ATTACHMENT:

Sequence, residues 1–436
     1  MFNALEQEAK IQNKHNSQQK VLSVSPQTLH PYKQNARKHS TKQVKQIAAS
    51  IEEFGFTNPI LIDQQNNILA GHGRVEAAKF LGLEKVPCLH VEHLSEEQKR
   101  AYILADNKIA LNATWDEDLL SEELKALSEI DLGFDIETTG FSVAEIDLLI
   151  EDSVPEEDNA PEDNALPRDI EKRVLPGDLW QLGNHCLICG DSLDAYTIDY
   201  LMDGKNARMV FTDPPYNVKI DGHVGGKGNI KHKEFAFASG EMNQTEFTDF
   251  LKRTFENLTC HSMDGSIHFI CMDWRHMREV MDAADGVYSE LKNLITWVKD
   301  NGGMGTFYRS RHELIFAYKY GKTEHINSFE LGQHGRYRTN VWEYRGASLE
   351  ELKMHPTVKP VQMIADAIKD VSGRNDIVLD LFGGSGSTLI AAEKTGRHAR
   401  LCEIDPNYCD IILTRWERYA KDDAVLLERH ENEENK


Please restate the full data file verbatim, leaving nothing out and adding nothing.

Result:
Sequence, residues 1–436
     1  MFNALEQEAK IQNKHNSQQK VLSVSPQTLH PYKQNARKHS TKQVKQIAAS
    51  IEEFGFTNPI LIDQQNNILA GHGRVEAAKF LGLEKVPCLH VEHLSEEQKR
   101  AYILADNKIA LNATWDEDLL SEELKALSEI DLGFDIETTG FSVAEIDLLI
   151  EDSVPEEDNA PEDNALPRDI EKRVLPGDLW QLGNHCLICG DSLDAYTIDY
   201  LMDGKNARMV FTDPPYNVKI DGHVGGKGNI KHKEFAFASG EMNQTEFTDF
   251  LKRTFENLTC HSMDGSIHFI CMDWRHMREV MDAADGVYSE LKNLITWVKD
   301  NGGMGTFYRS RHELIFAYKY GKTEHINSFE LGQHGRYRTN VWEYRGASLE
   351  ELKMHPTVKP VQMIADAIKD VSGRNDIVLD LFGGSGSTLI AAEKTGRHAR
   401  LCEIDPNYCD IILTRWERYA KDDAVLLERH ENEENK